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Microbial Degradation of Petroleum Hydrocarbons: Implications for Arson Residue Analysis

NCJ Number
139767
Journal
Journal of Forensic Sciences Volume: 37 Issue: 6 Dated: (November 1992) Pages: 1585-1599
Author(s)
K P Kirkbride; S M Yap; S Andrews; P E Pigou; A C Dinan; F L Peddie; G Klass
Date Published
1992
Annotation
This article describes a method and results of an analysis of microbial activity on hydrocarbon accelerants and discusses some implications and recommendations for arson investigation.
Abstract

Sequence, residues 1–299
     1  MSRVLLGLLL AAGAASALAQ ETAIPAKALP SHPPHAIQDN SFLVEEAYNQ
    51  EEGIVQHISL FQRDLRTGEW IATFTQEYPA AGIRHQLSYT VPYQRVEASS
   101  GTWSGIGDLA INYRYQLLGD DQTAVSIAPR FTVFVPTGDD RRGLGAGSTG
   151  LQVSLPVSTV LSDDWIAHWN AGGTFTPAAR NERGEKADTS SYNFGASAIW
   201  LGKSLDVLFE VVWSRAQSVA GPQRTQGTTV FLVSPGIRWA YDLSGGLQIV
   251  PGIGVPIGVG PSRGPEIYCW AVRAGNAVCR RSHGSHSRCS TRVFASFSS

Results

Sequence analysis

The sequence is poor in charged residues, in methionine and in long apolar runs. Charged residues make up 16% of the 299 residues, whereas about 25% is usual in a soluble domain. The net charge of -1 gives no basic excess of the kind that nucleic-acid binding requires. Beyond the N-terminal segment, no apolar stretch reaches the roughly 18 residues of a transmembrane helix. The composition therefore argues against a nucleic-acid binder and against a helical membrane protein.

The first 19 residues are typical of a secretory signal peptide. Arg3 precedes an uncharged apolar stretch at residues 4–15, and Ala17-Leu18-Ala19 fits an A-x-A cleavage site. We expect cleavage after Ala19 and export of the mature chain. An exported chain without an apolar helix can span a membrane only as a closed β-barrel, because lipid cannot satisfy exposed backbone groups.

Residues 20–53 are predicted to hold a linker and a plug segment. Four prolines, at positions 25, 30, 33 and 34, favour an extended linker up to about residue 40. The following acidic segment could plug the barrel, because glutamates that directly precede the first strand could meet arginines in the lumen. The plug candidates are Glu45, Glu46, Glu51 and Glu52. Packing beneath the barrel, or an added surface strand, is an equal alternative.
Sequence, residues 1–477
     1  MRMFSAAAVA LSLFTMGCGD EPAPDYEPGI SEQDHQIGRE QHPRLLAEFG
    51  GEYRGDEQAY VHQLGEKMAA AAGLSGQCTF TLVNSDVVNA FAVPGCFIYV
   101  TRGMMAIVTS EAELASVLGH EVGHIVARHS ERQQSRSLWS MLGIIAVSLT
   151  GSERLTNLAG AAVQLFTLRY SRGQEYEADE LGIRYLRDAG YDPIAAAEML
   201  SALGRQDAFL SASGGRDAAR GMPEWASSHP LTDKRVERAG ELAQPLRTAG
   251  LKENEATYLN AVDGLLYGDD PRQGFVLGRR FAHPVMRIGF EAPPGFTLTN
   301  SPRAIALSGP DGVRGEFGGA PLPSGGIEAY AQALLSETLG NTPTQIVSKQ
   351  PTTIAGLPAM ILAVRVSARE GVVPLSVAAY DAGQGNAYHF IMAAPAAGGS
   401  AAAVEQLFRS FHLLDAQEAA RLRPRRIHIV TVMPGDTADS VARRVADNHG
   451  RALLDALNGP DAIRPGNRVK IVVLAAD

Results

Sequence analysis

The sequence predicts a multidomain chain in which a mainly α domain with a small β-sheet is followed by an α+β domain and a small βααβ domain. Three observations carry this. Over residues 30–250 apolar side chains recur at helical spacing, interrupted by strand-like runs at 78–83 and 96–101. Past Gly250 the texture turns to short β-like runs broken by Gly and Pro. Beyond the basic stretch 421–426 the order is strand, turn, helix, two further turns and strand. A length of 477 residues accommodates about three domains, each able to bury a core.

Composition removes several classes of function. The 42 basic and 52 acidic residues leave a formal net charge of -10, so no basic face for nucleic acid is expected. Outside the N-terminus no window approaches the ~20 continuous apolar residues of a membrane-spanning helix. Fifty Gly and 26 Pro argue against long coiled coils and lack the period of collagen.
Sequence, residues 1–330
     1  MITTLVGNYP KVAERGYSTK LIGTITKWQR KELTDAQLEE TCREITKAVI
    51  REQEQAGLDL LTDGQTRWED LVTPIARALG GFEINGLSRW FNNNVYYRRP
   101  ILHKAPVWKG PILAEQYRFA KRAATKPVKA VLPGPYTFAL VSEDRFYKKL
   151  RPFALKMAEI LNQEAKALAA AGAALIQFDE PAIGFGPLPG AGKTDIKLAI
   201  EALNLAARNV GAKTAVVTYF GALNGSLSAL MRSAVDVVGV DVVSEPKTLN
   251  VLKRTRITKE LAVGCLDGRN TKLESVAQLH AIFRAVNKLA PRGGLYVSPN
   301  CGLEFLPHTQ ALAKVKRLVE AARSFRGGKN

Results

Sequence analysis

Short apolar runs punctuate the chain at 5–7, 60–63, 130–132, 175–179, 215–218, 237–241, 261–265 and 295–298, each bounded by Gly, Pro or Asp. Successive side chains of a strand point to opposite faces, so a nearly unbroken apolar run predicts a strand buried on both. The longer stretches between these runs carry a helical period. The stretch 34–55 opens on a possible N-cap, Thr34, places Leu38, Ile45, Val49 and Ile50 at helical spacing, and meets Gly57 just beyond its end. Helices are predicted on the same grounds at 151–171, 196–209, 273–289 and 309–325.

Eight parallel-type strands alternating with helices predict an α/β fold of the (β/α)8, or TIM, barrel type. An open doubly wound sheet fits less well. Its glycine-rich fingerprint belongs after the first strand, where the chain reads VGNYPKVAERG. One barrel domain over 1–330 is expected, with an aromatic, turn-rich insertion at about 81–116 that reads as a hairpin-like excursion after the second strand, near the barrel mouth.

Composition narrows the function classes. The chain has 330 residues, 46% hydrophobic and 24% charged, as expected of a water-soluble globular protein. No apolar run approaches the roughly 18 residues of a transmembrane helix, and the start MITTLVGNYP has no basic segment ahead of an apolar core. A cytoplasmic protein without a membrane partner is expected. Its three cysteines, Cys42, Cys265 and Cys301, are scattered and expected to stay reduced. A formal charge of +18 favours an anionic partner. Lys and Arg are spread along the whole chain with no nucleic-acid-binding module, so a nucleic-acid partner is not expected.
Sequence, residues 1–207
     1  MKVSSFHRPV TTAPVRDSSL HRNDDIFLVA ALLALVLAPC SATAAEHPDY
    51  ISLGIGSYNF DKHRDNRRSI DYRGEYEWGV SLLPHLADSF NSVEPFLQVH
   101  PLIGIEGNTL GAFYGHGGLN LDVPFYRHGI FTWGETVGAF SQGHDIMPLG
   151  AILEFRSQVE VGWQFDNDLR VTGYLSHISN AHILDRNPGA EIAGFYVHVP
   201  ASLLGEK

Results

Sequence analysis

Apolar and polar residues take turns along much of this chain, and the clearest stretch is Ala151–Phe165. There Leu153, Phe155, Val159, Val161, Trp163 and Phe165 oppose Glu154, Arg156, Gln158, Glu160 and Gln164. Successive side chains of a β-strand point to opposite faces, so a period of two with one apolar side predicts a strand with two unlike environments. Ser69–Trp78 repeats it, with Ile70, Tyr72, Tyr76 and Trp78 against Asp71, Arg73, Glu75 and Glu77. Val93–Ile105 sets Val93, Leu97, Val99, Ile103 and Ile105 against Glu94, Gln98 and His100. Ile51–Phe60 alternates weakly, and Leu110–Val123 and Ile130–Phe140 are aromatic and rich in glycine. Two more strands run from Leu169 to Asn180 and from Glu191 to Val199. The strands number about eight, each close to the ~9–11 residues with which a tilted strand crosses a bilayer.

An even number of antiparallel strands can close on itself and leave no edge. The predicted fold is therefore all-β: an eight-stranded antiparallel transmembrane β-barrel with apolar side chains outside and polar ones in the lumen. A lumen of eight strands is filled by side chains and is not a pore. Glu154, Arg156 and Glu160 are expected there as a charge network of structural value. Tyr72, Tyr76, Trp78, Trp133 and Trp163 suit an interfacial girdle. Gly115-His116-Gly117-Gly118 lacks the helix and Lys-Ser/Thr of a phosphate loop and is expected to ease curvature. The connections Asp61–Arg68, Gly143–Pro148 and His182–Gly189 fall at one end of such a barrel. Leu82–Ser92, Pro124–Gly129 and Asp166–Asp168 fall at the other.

The study examined the effects of micro-organisms on common hydrocarbon accelerants such as gasoline both in vitro and in matrices similar to those encountered as arson residues. The sources of microorganisms for the study were two genuine arson residues that were found to give anomalous gas chromatograms. Samples of soil were taken from these residues and inoculated into enrichment cultures that contained Stanier's mineral salts medium and an aliquot of the putative hydrocarbon accelerant. The activity of each of seven microorganisms was examined by culturing each with samples of unleaded gasoline in either minimal medium or nutrient medium. A control prepared without inoculation was also used. The testing shows that certain species of pseudomonas microorganisms metabolize aromatic and simple aliphatic hydrocarbons that are important compounds in the identification of common accelerants. Complete metabolism of benzene and mono-substituted aromatic substances was found to occur within 48 hours, and simple aliphatic substances degraded more slowly. Accelerants exposed to these microorganisms can be degraded almost beyond recognition, certainly beyond conclusive identification for forensic purposes. Degradation may be prevented by adding a nonvolatile bactericide to arson residues or by keeping the items under refrigeration from the time they are collected until they are analyzed. Another approach is to demonstrate to fact-finders that an anomalous residue does contain microorganisms that are capable of metabolizing hydrocarbons. The tests described are appropriate for such a demonstration. 11 figures and 7 references